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Maryland's National Register Properties

Photo credit: Orlando Ridout V, 08/1986
Hampton National Historic Site
Inventory No.: BA-103
Other Name(s): Hampton Mansion
Date Listed: 10/15/1966
Location: 535 Hampton Lane, Towson, Baltimore County
Category: Building
Period/Date of Construction: 1783-1790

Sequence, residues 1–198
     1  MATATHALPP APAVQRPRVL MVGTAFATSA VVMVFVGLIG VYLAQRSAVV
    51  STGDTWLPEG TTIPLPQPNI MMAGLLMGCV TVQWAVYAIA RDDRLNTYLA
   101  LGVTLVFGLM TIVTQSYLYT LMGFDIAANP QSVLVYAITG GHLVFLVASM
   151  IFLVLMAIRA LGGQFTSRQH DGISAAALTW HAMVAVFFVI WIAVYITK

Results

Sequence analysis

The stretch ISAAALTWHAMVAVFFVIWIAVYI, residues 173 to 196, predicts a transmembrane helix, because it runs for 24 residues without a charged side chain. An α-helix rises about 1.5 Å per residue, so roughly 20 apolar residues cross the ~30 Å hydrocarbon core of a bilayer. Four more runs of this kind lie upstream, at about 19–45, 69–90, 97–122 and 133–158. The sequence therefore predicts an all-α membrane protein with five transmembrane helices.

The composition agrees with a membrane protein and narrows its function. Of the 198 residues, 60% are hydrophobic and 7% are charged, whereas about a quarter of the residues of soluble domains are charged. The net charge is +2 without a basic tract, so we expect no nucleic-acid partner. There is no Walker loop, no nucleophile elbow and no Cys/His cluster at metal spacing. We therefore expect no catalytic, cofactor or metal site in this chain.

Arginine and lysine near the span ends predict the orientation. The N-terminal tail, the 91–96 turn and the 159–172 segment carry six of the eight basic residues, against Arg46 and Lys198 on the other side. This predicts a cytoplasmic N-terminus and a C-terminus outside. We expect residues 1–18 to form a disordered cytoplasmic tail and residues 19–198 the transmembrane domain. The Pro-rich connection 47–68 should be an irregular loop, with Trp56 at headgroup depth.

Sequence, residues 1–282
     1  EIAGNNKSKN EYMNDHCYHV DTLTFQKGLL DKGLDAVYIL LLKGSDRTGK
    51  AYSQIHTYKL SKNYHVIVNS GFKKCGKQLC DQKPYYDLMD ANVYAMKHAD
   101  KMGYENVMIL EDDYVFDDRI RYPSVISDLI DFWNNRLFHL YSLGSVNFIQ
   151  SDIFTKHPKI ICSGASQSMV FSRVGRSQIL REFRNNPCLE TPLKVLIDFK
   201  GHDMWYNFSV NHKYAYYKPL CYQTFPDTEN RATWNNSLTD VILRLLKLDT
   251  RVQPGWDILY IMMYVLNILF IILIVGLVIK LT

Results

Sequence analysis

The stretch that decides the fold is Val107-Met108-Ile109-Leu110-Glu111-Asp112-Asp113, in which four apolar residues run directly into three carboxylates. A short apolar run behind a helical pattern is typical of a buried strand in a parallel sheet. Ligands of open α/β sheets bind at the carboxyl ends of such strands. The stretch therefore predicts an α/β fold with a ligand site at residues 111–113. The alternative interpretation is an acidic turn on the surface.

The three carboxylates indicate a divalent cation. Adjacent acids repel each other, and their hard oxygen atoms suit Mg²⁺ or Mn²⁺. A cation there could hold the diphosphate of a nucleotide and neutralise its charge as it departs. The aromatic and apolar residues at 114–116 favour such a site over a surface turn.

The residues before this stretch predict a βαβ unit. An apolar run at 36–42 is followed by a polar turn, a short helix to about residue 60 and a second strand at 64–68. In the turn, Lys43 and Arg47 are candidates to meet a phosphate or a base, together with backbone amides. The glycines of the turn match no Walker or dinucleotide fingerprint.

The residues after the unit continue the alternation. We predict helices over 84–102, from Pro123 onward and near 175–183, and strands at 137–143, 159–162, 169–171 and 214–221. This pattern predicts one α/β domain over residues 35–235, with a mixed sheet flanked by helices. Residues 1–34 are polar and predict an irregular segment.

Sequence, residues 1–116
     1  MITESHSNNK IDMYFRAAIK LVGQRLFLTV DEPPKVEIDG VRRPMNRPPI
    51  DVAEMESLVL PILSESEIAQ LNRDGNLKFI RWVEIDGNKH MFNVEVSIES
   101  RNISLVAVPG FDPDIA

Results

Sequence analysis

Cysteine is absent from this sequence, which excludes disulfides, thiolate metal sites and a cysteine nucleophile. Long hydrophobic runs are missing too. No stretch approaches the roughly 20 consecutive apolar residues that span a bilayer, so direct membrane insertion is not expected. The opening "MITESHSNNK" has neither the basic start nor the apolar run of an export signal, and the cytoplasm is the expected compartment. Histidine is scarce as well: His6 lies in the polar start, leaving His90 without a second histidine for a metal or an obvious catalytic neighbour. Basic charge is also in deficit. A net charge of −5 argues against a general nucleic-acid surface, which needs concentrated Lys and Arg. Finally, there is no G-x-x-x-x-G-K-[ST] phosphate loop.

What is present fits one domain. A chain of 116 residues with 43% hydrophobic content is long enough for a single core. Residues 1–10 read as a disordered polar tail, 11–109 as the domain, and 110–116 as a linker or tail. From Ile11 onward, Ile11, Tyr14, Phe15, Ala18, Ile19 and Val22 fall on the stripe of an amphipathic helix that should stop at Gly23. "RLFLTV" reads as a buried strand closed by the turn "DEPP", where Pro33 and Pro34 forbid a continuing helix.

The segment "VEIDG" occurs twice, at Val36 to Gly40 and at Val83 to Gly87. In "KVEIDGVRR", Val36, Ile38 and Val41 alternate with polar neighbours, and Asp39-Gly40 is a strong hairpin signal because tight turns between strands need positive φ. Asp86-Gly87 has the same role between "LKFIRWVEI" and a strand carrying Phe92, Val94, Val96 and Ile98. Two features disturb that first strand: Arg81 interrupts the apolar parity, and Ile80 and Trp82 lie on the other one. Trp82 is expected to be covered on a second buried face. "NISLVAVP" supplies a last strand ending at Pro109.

Description: Hampton Mansion, historically known as Hampton Hall, is a fine example of late Georgian architecture in America. The mansion is situated at the top of a hill and dominates the surrounding landscape. It has a symmetrical five-part linear plan: a large 7-bay-wide 2 1/2-story central structure connected to two 2 1/2-story dependencies with one-story hyphens. The house is constructed of gneiss-schist rubble stone covered with stucco scored to resemble fine coursed ashlar masonry. The original stucco was rusticated with penciled lime joints. The original wood shingle roofing was replaced in the 19th century with slate. On both the north and south facades, the central three bays are covered by a 2 1/2-story pedimented portico supported by large square columns. The windows within the portico have shouldered architrave and pediments. On both facades, the portico has a modillioned cornice, a Palladian window in the tympanum, and a finial at the peak. Similar finials stand at the corners of the portico roof and the corners of the main gable roof. On each floor, a central door opens onto the portico; the second floor of the portico has an elaborate Chinese Chippendale balustrade. The first and second floor entrances on both facades are flanked with Doric pilasters, and have open pediments and fanlight windows. On the first floor, the fanlights are filled with 19th century colored glass with the Ridgely coat of arms. Windows are 12/12 sash on the first floor and 8/12 above. A belt course separates the first and second stories. On either side of the portico the roof is pierced by two elaborate gable-roofed dormers with round-arched windows with tracery. At the center of the ridgeline is a large domed octagonal belvedere with 12/12 sash windows separated by Tuscan columns, and topped by a finial. Two interior chimneys rise from either end of the gable roof. The gable ends of the main block are four bays wide, with a single 8/8 sash window in each of the pedimented attic gables. Between the two chimneys on either end is a traceried false bullseye window with round architrave and keystones. On each face of the hip-roofed dependencies, which are two bays wide on the north and south facades, are a single 8/8 sash gable-roofed dormer window. The easternmost and westernmost of these dormers are false, each containing a single stuccoed chimney stack. The hyphens, three narrow bays wide, are gable roofed, with a front pediment. Each holds a central entrance flanked by 9/9 sash windows. On the interior, the house has a Georgian plan. The wide center hall connects the north and south entrances, with two rooms to either side. The two rooms on the east side are separated by a passage and stairway to the second floor. Floors throughout the house are of pine, and those on the first floor are precisely matched in size. The major rooms have elaborate mantels, cornices, wainscoting, and window architraves. The property also includes an extensive array of support buildings, including an orangery, two stone stables in the vicinity of the house, and a farm complex across the road. Buildings of particular note at the latter site include an 18th century farm manager's house and three slave quarters. Significance: Hampton Hall was built between 1783 and 1790. It was probably designed in collaboration between Captain Charles Ridgely (1733-1790), the owner, and Jehu Howell (?-1787), a highly skilled builder and carpenter. Two of Hampton's inhabitants, Captain Ridgely and his heir and nephew General/Governor Charles Carnan Ridgely (1760-1829) made significant contributions to Maryland’s agriculture, industry, and government. Under their direction Hampton developed into one of the largest agricultural plantations in the state. Hampton was owned and managed by the Ridgely family for over 200 years. At the time of its construction in the 1780s, Hampton Mansion was one of the largest Georgian houses in Maryland, and it remains an outstanding example of late Georgian architecture. With its massive size, symmetrical five-part Palladian plan with carefully orchestrated hierarchy of spaces, and its bold yet finely executed ornament, Hampton remains an important example of Georgian architecture in an American country house. Equally significant are the terraced gardens and the array of important support structures. The farm manager's house is a fine example of mid-18th century domestic building, and the three associated slave quarters are the most complete example of antebellum slave housing in the state. Hampton National Historic Site is owned by the National Park Service and is open to the public.


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